Case of the Week # 521

Case of the Week # 521

Javier Cortejoso
 on 02/28/2023
 on Tuesday, February 28th, 2023
The images demonstrate the following:
• Images 1 and 2 at 11 weeks of pregnancy: In the 4-chamber view, two stripes are visualized, which represent normal filling of the cardiac chambers during diastole, although there could be some defect of the interventricular septum. At the level of the 3-vessel and tracheal view, a singular arm of the V sign is shown.
• Video 1 at 21 weeks of pregnancy: situs solitus is evident with the heart on the same side as the gastric chamber. In the 4-chamber view, there is a small left ventricle and a ventricular septal defect in the upper part of the interventricular septum. The two great arteries arise in parallel from the same ventricle (the right): aorta located to the right and anterior to the pulmonary artery. It appears that the first blood vessel to emerge must be the pulmonary artery, since it divides rapidly into two branches and its diameter is smaller than that of the other vessel, the aorta. The aorta, larger than the pulmonary artery, suggests that the ventricular defect could be subaortic. At the level of the 3-vessel and tracheal view, only one of the great vessels is seen: the aorta. In addition to the superior vena cava in its usual position, there is persistence of the left superior vena cava on the contralateral side.

Among several authors, Wiechec et al. describe the most common abnormal patterns of flow at the levels of the 4-chamber, 3-vessel and tracheal views in the late first trimester in different congenital heart defects. The 3-vessel and tracheal view is sensitive for identifying conotruncal abnormalities when only one oblique arm of the V sign is observed. However, it cannot be used for a conclusive diagnosis. The authors suggest adding the axial levels between the 4-chamber, 3-vessel, and tracheal views to further clarify the diagnosis.

Double-outlet right ventricle (DORV) refers to a group of complex cardiac anomalies in which either both the great arteries arise from the right ventricle, or at least one complete arterial trunk and half of the other arterial trunk arise from the right ventricle. The left ventricle has no direct outlet to either great artery and most commonly ejects through a ventricular septal defect (VSD) into the right ventricle. The first description of DORV was provided in 1703 by Mery, but the term "double outlet right ventricle" was coined by Witham in 1957. DORV accounts for 4% to 8% of prenatal congenital heart diseases, but their high association with cardiac, extracardiac, and chromosomal anomalies is responsible for its lower postnatal incidence (1% to 3%). It is associated with chromosomal abnormalities including trisomies 18, 13, and 21 and 22q11 microdeletion, as well as non-chromosomal conditions such as Adams-Oliver, Ellis-van Creveld, Gardner-Silengo-Wachtel, Kabuki, Kalmann, Melnick-Needles, Noonan, Opitz, Ritscher-Schinzel, and Robinow. Mutations in the CFC1 and CSX genes are the most commonly reported monogenic loci associated with DORV in humans. An increase in incidence of DORV has been reported in children of diabetic mothers. Regarding its etiopathogenesis, the primitive right ventricle is in fact a DORV, containing the conotruncus. If migration of the aortic side of the conotruncus toward the mitral valve is incomplete, the DORV anatomy persists.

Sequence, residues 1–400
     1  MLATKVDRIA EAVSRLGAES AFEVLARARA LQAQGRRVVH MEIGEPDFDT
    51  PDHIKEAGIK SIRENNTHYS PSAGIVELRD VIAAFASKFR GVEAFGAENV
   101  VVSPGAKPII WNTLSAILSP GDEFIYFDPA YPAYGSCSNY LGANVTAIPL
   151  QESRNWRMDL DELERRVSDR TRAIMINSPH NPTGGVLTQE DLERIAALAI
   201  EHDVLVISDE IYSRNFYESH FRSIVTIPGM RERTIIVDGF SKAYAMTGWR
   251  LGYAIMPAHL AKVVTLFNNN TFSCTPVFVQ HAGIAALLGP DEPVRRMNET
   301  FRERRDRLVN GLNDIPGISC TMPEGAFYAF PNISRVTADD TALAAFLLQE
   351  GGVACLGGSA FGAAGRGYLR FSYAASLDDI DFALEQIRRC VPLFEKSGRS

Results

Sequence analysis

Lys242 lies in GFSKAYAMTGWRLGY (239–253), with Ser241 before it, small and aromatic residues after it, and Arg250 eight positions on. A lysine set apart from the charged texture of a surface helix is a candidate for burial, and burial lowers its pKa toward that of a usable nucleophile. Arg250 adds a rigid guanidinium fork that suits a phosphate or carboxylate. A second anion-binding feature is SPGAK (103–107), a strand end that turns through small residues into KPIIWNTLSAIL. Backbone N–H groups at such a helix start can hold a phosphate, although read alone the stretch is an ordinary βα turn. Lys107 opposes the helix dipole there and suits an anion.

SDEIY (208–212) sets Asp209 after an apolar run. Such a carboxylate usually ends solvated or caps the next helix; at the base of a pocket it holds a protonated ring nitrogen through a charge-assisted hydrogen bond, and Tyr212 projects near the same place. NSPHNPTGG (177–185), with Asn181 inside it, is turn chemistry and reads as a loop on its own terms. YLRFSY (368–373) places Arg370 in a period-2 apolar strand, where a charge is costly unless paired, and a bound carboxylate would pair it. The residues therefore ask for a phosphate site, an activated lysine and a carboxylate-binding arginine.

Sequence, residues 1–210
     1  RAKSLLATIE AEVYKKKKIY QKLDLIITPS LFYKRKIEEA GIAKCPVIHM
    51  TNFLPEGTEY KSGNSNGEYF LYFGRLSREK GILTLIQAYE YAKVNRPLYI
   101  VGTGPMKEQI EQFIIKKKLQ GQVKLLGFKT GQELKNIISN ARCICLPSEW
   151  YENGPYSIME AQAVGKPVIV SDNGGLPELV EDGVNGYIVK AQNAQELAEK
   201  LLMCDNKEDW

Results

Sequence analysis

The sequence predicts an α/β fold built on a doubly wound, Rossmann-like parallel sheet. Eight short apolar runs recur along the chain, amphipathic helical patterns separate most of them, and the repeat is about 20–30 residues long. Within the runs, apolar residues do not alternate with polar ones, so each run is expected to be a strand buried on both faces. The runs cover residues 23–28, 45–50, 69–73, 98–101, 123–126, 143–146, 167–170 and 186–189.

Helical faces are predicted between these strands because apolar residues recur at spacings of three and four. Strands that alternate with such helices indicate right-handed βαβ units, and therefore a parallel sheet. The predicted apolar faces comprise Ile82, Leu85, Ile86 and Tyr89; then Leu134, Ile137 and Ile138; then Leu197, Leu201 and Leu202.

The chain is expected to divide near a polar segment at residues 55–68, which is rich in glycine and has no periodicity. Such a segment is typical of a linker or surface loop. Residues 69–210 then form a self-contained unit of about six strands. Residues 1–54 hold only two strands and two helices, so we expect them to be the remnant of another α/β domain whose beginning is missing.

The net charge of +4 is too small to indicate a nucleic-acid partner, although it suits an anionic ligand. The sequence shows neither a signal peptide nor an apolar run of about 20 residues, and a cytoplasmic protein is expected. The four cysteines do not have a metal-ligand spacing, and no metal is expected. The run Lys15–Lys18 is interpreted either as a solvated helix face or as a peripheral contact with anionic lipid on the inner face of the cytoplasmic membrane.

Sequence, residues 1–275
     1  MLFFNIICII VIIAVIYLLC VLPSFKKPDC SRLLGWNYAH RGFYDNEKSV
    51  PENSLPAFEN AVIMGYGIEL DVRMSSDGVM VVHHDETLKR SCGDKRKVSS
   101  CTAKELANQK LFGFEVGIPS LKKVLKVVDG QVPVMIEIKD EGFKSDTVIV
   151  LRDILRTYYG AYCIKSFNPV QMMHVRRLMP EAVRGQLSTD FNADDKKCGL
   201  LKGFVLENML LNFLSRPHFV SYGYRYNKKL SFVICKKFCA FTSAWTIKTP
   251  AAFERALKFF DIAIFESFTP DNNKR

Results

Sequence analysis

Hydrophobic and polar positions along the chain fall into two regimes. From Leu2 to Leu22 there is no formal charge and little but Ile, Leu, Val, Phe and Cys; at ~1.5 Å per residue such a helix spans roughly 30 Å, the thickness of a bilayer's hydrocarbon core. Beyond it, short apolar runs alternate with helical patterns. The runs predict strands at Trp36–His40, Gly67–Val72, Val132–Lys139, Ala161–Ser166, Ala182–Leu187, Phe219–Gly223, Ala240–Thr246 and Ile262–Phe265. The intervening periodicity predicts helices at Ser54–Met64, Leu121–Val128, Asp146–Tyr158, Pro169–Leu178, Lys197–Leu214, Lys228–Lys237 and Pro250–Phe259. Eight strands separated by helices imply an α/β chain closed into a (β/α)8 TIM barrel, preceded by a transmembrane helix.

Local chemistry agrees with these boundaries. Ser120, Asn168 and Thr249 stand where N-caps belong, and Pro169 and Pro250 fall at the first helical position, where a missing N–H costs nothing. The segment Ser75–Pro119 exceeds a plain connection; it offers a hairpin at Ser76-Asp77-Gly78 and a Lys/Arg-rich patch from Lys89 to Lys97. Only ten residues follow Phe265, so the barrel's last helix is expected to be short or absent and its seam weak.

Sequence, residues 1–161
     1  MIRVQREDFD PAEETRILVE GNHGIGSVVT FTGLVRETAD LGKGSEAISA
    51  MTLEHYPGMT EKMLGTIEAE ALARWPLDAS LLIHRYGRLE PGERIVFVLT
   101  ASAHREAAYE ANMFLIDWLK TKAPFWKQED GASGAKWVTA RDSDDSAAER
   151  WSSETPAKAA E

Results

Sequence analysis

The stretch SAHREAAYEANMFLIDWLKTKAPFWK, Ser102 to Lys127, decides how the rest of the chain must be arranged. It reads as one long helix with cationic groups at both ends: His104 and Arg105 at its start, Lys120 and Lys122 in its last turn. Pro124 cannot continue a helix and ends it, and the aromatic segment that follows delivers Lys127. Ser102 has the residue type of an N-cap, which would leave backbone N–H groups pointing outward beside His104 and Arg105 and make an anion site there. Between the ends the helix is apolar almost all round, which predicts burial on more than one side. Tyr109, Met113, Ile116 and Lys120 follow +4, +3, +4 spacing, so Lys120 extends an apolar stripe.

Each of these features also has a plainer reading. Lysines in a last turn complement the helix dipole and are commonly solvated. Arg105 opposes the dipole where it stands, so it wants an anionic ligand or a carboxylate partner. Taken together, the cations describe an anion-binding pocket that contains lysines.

DORV is a complex cardiopathy with different anatomic presentations depending on the location of the VSD, and the spatial relationship between the two arteries and with the VSD. The defect can be subpulmonary, subaortic, doubly committed (both subaortic and subpulmonary), and noncommitted (also known as remote type in which the VSD is not related to either artery). Four types of great artery relationships at the level of the semilunar valves have been described:
1. Normal: the aorta located to the right and posterior to the pulmonary artery
2. Side by side: the aorta located to the right and lateral to the pulmonary artery
3. Dextromalposition: the aorta located to the right and anterior to the pulmonary artery
4. Levomalposition: the aorta located to the left and anterior to the pulmonary artery

The association of the VSD and its flow to one particular vessel suggests that the other great vessel will have an element of obstruction. In postnatal series, the most common types are subaortic VSD (50%) and subpulmonary VSD (30%). Subaortic VSD is usually associated with a normal orientation of the great arteries, with some degree of pulmonary obstruction. Physiologically, this form resembles tetralogy of Fallot. In cases with subpulmonary VSD, the great arteries are usually malpositioned, and the defect resembles transposition of the great arteries with VSD. This variant of DORV is called Taussig-Bing malformation and is frequently associated with aortic obstruction. Doubly committed VSD is characterized by complete absence of the outflow muscular septum. When there is concomitant pulmonary stenosis, the defect resembles tetralogy of Fallot. Noncommitted VSD is the most complex variant of DORV, mostly in hearts with atrioventricular septal defect.

Several international associations (Society of Thoracic Surgeons and the European Association of Cardiothoracic Surgery) define four types of DORV on the basis of clinical presentation and treatment:
1. VSD type: DORV with subaortic VSD
2. Fallot type: subaortic or double committed VSD with pulmonary outflow stenosis
3. Transposition of the Great Arteries type or Taussig-Bing malformation: DORV with a subpulmonary VSD
4. Non-committed VSD type: DORV with a remote VSD